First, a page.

It’s finally time. Nick Seeler is finally getting his opportunity. Finally getting that big chance to show what he can do well at the NHL level. After 49 hard-fought games down in Iowa where he was getting top pairing minutes and is the only member of Derek Lalonde’s defensive corps that hadn’t been scratched this season, all that nose-to-the-grindstone work by Iowa's most consistent player has earned him a chance at the NHL.
With the call-up, there can be a lot of speculation about other moves for the Wild organization before the trade deadline coming in just two weeks, but make no mistake that this is a well deserved moment for the former Gopher and Eden Prairie native.
I’d have to admit, I was rather put off that the Wild decided to let Viktor Lööv get the call for the left side over Seeler following a trade that sent 2011 second-rounder, Mario Lucia, and 2012 6th-rounder, Christoph Bertschy to the Devils organization last Thursday. Maybe it had to do with Lööv’s 214 AHL games, a number that Bruce Boudreau has been vocal about regarding player development in the A. Maybe it was that he has 17 points to his name at the AHL level, albeit with a struggling North Division squad in Binghamton.
Seeler, a fifth-round pick out of Eden Prairie High School back in 2011, had been playing some tremendous defense down in the A, though it is easy to poke holes considering that he produced just 12 points (2G/10A) in his second professional season - surpassing his lowly 5 points (all assists) in 57 games his rookie season.
So, what are the Minnesota Wild getting in Seeler for Tuesday night's game against the New York Rangers?
Defensively speaking, there aren’t too many players that bring the kind of game Seeler did with the Iowa Wild. I know that a lot of people have mentioned that Carson Soucy might be a name that could be counted amongst the Iowa players in need of being “freed,” but it still remains that he is a rookie and from a development standpoint it makes more sense to go with the guy that has the experience.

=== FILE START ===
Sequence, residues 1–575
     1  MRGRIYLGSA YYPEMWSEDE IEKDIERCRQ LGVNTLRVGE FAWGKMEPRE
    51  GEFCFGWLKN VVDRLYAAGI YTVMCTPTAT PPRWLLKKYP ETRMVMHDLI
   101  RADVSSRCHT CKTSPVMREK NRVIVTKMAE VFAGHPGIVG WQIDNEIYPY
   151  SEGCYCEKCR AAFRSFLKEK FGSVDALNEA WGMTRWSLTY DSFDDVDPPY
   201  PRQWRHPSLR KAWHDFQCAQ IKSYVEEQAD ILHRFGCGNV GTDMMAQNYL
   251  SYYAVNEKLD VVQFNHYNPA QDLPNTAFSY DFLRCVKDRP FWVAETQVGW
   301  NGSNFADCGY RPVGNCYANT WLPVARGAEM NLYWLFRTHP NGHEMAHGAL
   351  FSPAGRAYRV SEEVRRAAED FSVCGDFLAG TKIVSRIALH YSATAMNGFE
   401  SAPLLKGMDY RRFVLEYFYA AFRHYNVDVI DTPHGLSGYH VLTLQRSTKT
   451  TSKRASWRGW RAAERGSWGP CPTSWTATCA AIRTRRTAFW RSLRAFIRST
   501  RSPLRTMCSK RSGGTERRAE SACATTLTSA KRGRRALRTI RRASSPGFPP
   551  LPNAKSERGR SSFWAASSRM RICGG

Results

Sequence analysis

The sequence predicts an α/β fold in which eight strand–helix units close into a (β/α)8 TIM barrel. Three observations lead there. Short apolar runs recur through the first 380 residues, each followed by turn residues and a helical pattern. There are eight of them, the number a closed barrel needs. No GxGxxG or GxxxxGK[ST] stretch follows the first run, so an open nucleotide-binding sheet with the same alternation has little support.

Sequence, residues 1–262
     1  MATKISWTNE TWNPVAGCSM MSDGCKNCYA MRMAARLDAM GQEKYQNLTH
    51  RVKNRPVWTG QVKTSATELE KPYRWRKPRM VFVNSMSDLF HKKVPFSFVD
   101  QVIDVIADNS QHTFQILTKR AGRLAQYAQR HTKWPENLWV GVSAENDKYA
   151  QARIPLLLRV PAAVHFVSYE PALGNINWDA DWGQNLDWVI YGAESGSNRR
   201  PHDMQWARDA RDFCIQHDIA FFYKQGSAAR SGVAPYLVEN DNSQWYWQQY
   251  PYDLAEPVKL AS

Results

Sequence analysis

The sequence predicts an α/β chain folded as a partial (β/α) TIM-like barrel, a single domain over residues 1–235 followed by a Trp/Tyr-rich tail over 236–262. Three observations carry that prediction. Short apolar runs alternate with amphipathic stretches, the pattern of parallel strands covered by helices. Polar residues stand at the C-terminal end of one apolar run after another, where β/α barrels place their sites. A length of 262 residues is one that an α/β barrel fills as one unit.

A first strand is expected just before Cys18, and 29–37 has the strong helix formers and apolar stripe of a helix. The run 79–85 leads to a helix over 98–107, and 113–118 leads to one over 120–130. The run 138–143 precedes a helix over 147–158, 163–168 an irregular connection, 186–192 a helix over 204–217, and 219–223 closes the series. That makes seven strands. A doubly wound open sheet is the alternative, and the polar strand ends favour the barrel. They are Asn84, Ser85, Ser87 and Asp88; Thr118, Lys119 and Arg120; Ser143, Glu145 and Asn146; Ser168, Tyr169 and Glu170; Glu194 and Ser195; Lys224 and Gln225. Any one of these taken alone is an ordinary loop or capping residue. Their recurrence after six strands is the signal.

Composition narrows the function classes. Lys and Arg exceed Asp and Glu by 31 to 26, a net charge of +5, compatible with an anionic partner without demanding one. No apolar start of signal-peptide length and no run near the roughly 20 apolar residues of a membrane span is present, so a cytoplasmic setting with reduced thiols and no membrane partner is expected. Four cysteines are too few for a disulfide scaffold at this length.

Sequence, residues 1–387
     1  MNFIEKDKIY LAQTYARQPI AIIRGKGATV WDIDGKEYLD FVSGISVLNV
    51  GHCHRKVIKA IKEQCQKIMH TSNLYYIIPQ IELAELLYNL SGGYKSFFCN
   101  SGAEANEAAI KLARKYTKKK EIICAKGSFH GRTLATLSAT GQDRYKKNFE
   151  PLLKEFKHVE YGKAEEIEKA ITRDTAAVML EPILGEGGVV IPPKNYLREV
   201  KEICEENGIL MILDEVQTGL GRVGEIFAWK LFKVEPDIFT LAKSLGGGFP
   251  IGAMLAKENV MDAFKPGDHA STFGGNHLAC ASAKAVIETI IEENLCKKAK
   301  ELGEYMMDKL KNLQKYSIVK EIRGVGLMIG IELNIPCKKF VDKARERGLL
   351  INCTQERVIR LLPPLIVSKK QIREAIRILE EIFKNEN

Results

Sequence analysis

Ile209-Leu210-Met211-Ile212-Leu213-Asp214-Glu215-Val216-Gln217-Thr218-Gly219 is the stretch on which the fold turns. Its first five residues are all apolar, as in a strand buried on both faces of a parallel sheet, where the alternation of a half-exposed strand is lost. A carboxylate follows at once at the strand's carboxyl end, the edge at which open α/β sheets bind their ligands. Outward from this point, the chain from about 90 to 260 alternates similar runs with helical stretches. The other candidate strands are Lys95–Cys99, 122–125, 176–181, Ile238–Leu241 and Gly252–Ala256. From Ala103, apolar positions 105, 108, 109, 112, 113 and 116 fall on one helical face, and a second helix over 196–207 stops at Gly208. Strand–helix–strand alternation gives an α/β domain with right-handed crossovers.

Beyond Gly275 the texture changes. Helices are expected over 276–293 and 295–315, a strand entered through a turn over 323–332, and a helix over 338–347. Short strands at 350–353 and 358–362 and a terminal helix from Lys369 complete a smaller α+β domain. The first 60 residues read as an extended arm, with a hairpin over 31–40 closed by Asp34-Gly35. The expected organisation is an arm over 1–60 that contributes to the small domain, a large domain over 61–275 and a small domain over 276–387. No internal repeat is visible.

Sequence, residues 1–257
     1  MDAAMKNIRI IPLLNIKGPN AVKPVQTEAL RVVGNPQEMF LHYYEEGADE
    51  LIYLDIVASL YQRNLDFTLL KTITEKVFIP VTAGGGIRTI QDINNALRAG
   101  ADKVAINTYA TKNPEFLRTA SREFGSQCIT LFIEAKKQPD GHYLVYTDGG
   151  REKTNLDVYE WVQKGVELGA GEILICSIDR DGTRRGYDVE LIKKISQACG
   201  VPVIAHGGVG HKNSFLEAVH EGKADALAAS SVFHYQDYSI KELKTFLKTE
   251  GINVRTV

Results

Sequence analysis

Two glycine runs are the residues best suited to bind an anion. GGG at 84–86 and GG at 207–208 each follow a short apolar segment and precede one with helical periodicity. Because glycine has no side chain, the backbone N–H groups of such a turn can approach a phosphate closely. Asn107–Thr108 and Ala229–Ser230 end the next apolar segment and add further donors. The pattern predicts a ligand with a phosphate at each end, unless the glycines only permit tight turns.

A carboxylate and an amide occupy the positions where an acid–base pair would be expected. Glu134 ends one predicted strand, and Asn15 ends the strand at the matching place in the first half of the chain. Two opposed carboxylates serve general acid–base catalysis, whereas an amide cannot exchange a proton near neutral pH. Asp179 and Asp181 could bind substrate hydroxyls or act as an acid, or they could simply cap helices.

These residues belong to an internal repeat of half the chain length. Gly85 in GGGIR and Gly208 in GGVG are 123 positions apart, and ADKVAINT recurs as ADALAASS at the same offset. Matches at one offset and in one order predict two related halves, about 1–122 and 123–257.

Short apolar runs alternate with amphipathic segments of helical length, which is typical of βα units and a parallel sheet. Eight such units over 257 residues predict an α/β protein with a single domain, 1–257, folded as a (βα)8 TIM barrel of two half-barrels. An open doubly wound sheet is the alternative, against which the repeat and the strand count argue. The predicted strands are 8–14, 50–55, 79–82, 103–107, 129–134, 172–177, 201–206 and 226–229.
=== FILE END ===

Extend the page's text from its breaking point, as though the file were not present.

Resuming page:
But it isn’t just all about professional games under the belt. In his own end, Seeler’s game is nothing short of bulldog-ish, whether it’s near his goalie’s crease or venturing into the corners to win puck battles and lay the lumber. He plays with a lot of raw emotion, and there is a noticeable uptick in his intensity when he does make a mistake on an assignment or he gets out-bodied by an opposing forward. The physical nature of his game is where he excels, something that is very important in the Western Conference.
Boudreau was quoted as saying, “I think he’s what we need...he’s big and a defensive defenseman. I think that bodes well for us.”
With a few Iowa players getting a lukewarm reception from the Wild’s head coach in the past, it’s pretty high praise for an NHL debut. As the Wild are a bubble team in the playoff race, solid defense can make a difference.
What also makes Seeler special is that he’s a solid teammate who wants to do good by the other guys in the locker room. There was a pretty spirited debate regarding his role as a pugilist in the comments section in my profile of the left-hander, but he’s far from a “goon” and I’ll defend that to the bitter end. There’s a difference between looking for fights and standing up for others. His last tilly came because of a blind-side hit on an off-balanced Ryan Murphy that put him head and neck first into the boards.
There are some short-comings to his game as well though. The emotional game can also lead to bad penalties, and if he’s looking to make his way in the NHL, “skates of shame” can’t be a part of his growth. He got away with some things this past weekend, namely a punch to the head of Rockford’s Matthew Highmore as the two were tangled up and the puck was leaving the zone.
To be fair though, instances like that are few and far between, but they have happened.
In his offensive game, the production admittedly leaves something to be desired, but there is offense to be had. In Minnesota, he’s there to play defense, not be a Jared Spurgeon-type (hold out for Brennan Menell). That said, he’s a great skater who can avoid forechecks and get pucks out of the defensive zone. At any level he’s been at, he hasn’t been Mr. Offense, and that’s worth keeping in mind.
When at the point in the offensive zone, I don’t believe I’ve seen him make too many egregious mistakes that lead to turnovers and rushes for the opposition. On the blueline, he maintains well at the point - he pinches at appropriate times, makes good decisions to relinquish positioning to maintain OZ possession, and he’ll put pucks on net rather than think too much about making that extra pass. He’s a cerebral player, and in Iowa, Lalonde has seen an improvement on his work ethic and thinking about his assignments.
Big intermission film guy.
On a personal level, I hope he performs well. It’s also worth saying that the AHL is not the NHL, just as any development league in any sport isn’t the same as the top tier. There’s a learning curve to be navigated, but I think that his approach to the game and general demeanor are qualities that will be to his advantage. Playing “scared” is not something to expect. He’s definitely worth a bottom pairing, maintenance role. If he’s able to chip in offense, so be it.